The Babadook is one of those excellent little horror films that reminds how much scaring can be done with good acting and a competent director. It’s delightfully spooky and eerie, with interesting sound choices and great cinematography and scene setting.
Plus, it’s a film about a woman, written and directed by a woman—Jennifer Kent. In the first half, The Babadook offers up a moving portrait of a profoundly ordinary woman parenting a troubled child. In the second half, well, things take a turn for the terrifying. Essie Davis’s performance as the mother, Amelia, blows the roof off, proving once again that the bias against genre films by those who give out awards and accolades is entirely misplaced.
In this Australian horror-thriller, Amelia is a single mother who struggles to manage her emotionally-disturbed, monster-obsessed son, Samuel (Noah Wiseman), only to find that one of his monstrosities might be real. The Babadook, a sinister figure with a black trenchcoat and talon-like fingers, first shows up in a strange pop-up book that appears in Amelia and Samuel’s gloomy house. As Amelia’s isolation grows so does the power of the Babadook to terrorize her and Samuel.
The Babadook is essentially a haunted house story, albeit one where the “ghost” seems to be deliberately tormenting these people (rather than being attached to the house itself). Haunted house narratives are often about the dark side of family life (think The Conjuring or the first season of American Horror Story). These stories may be interested in infidelity or children’s maturation or even the common challenges of marriage and parenting. The message is that something sinister (mental illness, homosexuality, pick your symbolic menace) is always lying just under the floorboards, wanting to tear the nuclear family apart.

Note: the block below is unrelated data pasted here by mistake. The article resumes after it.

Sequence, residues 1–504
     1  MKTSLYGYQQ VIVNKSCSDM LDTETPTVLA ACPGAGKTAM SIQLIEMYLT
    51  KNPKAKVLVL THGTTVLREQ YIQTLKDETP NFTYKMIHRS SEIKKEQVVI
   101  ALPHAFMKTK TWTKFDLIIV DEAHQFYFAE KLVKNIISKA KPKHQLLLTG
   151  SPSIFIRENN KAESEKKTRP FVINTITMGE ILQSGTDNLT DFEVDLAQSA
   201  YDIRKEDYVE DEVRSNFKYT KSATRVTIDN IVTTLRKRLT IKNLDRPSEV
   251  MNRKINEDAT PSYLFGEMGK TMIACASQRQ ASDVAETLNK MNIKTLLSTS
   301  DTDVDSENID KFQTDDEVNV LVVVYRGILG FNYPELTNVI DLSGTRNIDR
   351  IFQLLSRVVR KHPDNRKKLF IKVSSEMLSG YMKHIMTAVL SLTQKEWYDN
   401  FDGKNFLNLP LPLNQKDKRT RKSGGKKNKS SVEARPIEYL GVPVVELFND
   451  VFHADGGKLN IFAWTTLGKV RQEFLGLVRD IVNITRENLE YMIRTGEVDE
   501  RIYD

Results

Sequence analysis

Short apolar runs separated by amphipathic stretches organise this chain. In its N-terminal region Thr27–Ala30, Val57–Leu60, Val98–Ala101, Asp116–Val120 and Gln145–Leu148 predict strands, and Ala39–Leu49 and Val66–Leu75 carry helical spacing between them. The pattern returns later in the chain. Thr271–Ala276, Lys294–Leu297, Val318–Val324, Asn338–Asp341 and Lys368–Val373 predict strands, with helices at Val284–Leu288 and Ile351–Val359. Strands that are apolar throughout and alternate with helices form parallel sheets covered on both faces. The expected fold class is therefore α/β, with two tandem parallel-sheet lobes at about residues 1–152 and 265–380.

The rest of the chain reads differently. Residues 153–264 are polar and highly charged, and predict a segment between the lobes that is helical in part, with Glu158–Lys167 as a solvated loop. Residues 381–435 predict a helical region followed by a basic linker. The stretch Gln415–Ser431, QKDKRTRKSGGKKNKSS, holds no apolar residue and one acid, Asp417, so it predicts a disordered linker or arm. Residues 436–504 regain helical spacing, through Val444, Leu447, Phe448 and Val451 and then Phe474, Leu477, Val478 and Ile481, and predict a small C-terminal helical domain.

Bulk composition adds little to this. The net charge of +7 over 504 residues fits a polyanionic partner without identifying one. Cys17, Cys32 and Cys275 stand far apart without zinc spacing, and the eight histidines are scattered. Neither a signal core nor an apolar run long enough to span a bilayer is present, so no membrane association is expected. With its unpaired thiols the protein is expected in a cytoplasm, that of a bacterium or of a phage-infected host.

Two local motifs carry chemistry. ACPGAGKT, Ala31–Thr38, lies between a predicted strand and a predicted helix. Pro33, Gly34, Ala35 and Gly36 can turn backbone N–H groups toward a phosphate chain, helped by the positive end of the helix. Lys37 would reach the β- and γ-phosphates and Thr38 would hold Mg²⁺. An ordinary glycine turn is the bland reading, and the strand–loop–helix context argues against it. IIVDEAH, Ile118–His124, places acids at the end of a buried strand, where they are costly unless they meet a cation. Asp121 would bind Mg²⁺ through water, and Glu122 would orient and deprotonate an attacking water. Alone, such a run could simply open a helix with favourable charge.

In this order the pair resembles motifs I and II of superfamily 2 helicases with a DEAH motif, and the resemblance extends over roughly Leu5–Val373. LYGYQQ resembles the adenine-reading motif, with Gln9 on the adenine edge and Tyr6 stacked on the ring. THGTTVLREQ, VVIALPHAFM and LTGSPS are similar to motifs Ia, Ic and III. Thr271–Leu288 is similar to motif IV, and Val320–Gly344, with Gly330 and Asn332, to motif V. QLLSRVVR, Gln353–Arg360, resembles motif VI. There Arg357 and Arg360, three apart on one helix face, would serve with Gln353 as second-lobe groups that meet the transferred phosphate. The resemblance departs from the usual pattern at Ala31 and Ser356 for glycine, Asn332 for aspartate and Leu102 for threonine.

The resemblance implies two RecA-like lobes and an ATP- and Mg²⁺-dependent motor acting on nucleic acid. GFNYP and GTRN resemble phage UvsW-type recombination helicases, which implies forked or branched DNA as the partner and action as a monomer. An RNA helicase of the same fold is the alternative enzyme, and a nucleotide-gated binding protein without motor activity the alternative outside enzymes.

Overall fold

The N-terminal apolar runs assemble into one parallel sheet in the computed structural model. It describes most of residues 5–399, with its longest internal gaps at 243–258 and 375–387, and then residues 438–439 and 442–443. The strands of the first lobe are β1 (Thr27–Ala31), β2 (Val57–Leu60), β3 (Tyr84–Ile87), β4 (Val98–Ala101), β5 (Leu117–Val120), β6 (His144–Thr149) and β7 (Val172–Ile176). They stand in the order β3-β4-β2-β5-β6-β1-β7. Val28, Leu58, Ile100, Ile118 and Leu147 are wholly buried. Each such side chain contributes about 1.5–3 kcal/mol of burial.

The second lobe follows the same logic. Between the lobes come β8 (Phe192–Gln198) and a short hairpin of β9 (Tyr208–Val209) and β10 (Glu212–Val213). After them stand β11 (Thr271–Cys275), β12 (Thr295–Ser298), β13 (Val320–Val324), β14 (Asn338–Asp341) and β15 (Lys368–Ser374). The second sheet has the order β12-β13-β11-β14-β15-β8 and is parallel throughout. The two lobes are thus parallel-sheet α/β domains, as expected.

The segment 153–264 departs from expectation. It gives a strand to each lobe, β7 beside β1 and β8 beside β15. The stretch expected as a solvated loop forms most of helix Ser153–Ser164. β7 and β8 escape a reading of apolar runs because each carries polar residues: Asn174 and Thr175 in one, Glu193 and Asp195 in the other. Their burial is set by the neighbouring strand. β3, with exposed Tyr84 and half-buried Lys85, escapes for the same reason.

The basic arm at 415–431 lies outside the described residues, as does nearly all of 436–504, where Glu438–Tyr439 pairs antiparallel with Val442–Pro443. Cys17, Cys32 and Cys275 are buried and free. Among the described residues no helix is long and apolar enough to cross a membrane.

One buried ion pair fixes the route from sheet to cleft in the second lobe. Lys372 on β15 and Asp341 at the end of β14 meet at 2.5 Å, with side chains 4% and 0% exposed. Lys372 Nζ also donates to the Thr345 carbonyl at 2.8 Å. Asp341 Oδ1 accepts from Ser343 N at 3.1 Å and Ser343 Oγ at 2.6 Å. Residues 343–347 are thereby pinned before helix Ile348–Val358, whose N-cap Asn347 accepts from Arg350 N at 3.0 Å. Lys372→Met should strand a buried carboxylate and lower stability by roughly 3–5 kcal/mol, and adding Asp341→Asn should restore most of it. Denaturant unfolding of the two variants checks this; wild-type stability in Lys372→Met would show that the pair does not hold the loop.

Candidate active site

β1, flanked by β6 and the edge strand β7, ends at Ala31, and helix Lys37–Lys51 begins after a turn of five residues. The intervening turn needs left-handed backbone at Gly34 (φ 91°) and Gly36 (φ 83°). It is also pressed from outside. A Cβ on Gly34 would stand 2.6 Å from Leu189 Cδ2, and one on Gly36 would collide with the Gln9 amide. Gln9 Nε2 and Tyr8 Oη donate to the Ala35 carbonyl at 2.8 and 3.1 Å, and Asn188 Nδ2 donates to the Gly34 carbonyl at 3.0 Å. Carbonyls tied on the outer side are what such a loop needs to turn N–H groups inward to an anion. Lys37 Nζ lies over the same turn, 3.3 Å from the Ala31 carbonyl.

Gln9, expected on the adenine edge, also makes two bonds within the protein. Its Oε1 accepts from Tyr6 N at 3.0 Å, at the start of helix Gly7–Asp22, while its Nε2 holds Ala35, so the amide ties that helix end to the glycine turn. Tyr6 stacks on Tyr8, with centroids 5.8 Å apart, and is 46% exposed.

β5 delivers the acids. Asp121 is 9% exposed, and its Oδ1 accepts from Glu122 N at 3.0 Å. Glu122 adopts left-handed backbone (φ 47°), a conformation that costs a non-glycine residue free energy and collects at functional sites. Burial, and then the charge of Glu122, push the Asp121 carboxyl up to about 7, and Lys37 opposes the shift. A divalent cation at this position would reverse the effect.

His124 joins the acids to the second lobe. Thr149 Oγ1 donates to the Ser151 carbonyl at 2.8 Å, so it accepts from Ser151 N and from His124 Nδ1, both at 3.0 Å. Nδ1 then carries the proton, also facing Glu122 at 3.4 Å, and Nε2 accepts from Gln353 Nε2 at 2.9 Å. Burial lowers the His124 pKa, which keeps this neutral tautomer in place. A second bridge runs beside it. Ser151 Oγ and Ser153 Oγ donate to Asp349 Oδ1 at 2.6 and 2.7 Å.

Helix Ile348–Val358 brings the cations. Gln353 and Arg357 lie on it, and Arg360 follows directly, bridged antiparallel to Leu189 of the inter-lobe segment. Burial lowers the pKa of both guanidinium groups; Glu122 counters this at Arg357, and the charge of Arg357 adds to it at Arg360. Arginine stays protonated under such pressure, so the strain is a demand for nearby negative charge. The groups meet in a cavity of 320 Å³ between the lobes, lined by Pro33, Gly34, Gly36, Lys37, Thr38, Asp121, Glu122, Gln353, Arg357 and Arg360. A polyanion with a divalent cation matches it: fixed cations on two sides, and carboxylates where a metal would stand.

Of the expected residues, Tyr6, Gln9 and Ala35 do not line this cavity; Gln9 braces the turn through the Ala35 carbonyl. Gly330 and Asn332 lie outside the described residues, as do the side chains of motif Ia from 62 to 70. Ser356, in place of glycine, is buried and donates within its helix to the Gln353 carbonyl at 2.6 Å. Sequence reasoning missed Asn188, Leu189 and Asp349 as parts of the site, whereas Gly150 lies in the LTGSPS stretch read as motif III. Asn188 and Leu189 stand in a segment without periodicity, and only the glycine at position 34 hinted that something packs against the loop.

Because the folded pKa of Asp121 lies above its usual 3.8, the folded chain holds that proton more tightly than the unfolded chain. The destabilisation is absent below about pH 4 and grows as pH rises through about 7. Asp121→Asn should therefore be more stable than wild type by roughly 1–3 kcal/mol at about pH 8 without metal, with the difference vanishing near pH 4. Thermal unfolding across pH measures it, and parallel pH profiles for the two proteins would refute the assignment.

The Babadook toys with this genre. It’s a haunted family story, but in The Babadook the nuclear family has already been destroyed. Amelia is a single mother because her husband died in a car crash on the way to the hospital to deliver Samuel. It’s been seven years and even if Amelia no longer talks about her husband, her grief lingers. Amelia and Samuel live in his house, a house that should be idyllic and instead feels oppressive. Amelia has relegated his belongs to the basement, ostensibly an attempt to put her grief away that is belied by how she blocks these items and her husband’s memory from Samuel.